PORTLAND, Ore. (KOIN) — With skyrocketing home prices, high demand and low supply, there’s no denying Portland is experiencing a housing crisis.

As the city grows in popularity and size, prospective homebuyers are feeling the brunt of the pain.

Samantha Gladu moved to Portland from Colorado 8 years ago. She and her husband decided to buy their first home earlier this year.

But it hasn’t been an easy road. Today, they’re still looking for the perfect one.

“This house is so amazing,” Gladu said as she toured a 1920s bungalow in the Montavilla neighborhood. “I love the colors and the trim. That’s a really special detail.”

Unfortunately, she wasn’t the only interested buyer who loved the house.

“We’ve had houses that we put in an offer and there are 24 other offers,” Gladu said. “Things are going for about $30,000 over.”

The median home value in Portland is $360,000, according to Zillow. That number grew nearly 20% over the past year and is predicted to go up more than 5% by 2017.

With higher prices comes the prospect of an inflating housing bubble.

Still, home prices in Portland are cheaper than other popular west coast cities. That’s why Krista Juracek and her husband want to move to Portland from the Bay area.

“The houses are there, we’ve seen them,” Juracek said. “But by the time we get there, even 2-3 days later, they’ve either accepted offers or are pending multiple offers.”

And they aren’t alone. It’s the same story for transplants and natives all over the city.

“In the last 6 years, [Portland] has grown substantially,” realtor and blogger Peter Park told KOIN 6 News. “I don’t think there’s going to be a slow down anytime soon.”

Portland’s housing market changed substantially thanks to the local economy, the growing technology sector and the city’s desirability level, Park explained.

He says the demand for housing skyrocketed after the recession because of cash investors and record-low interest rates.

“The question is whether the Portland market does provide that value for the correct price range offered for its housing market,” Park said. “I think for the most part, yes.”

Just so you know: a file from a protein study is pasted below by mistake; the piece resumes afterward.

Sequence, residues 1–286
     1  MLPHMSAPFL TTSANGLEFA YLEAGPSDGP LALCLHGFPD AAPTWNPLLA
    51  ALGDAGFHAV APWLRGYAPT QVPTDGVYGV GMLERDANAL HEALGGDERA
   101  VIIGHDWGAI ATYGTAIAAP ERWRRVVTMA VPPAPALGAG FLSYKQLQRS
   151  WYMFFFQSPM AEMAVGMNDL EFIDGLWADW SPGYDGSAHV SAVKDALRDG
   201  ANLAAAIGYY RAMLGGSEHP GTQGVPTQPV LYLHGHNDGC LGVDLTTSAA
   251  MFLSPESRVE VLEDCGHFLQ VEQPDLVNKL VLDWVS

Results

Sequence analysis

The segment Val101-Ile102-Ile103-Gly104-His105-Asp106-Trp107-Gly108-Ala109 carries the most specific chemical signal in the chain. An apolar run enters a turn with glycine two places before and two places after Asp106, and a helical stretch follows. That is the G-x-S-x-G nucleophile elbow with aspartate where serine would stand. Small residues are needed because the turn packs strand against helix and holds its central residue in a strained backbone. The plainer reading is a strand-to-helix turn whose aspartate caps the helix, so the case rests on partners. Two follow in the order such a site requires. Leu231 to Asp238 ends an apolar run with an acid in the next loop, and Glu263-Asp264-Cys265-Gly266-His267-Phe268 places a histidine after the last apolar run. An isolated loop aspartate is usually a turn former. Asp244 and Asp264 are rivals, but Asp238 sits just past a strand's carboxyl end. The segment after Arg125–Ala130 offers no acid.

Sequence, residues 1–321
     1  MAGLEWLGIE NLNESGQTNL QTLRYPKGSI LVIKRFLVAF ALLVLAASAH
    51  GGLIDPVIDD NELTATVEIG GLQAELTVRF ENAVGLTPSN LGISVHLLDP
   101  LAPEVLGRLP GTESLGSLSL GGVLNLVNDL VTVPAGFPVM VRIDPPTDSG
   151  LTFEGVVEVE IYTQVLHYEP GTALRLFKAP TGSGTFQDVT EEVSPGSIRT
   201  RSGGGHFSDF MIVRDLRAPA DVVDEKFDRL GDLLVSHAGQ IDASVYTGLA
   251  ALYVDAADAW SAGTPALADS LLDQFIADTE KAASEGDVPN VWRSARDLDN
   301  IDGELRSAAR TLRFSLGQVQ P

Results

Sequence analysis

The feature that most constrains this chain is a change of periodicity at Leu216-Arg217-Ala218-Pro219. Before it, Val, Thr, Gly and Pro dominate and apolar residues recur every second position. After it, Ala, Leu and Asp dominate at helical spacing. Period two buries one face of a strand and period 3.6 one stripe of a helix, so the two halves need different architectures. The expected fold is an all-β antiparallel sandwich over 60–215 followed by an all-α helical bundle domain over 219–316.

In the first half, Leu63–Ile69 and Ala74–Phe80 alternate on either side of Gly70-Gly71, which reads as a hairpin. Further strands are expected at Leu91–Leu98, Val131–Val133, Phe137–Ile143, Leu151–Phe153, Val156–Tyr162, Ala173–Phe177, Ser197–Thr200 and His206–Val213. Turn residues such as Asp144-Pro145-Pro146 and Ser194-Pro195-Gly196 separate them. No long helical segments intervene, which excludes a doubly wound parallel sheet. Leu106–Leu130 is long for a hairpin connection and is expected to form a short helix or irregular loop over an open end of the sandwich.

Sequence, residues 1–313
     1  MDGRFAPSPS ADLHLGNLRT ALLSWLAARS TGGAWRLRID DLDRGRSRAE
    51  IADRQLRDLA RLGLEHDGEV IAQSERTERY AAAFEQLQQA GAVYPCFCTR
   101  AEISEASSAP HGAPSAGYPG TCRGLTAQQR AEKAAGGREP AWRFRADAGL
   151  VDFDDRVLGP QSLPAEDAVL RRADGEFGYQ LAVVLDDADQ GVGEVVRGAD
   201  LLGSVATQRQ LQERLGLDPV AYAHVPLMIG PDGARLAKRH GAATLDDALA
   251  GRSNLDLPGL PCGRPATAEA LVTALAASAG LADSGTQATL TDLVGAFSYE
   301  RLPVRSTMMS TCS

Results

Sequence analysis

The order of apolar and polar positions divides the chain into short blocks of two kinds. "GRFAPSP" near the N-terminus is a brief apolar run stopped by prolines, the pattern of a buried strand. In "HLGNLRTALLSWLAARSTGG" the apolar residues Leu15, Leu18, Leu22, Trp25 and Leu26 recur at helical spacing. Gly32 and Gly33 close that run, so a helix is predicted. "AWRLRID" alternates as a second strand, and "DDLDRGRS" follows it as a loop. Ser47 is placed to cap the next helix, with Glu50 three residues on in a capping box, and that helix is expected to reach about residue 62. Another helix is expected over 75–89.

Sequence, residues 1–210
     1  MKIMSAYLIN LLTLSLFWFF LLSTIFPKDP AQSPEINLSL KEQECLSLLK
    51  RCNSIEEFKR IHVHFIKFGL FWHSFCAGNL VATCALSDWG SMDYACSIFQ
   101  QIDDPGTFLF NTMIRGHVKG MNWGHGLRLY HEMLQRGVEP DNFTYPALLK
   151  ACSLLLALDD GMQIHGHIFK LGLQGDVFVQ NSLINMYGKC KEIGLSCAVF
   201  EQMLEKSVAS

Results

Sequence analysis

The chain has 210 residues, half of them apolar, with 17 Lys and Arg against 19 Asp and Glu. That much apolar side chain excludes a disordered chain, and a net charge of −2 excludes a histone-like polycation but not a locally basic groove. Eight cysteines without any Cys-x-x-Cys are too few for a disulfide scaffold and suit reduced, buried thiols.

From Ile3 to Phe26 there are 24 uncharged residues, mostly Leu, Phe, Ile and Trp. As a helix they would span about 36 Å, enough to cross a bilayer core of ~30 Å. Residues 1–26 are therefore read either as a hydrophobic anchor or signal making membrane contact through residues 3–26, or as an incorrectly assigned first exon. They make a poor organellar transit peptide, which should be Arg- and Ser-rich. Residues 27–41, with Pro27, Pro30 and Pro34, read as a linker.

Park doesn’t believe Portland is in a housing bubble, at least not yet.

He says it’s important to understand how different a housing bubble burst would be today when compared with what happened in 2008. Back then, Park says, the demand for housing jumped due to loose lending standards.

That’s ultimately what led to a financial meltdown.

Today’s housing demand is comparable to what it was pre-2008, with many investors jumping in. But the big difference is, market lending standards are much stricter.

Most economists agree Portland isn’t in a housing bubble right now. They theorize that low supply has to do with the building industry’s struggle to meet demand.

Local families are making sacrifices in this housing market to live near schools they feel are best. (KOIN)

Park says an influx in families moving to Oregon is what’s behind higher home prices, especially because many of them have higher income levels to begin with.

But no matter what may be causing the rise in prices, it isn’t stopping locals and out-of-towners who have their sights set on becoming homeowners in Portland.

Some who are determined to stay in Portland are moving to areas outside of the city center, like certain neighborhoods east of 82nd Avenue and into North Portland.

“I want to stay in my neighborhood,” Gladu said. “[But] those houses are going for half a million plus, so we are looking further out.”

The Montavilla bungalow Gladu was interested in sold for $224,000 a year ago. Now, it’s worth over $100,000 more. But she and her husband say it’s worth it.

“A lot of those neighborhoods… are actually great and they are being revitalized,” Park said. “Neighborhood associations are making sure neighborhoods stay safe.”

Renters are also feeling the pinch in Portland. Apartment rental prices jumped 14% just between February and March. Experts say there are no signs it’s slowing down.

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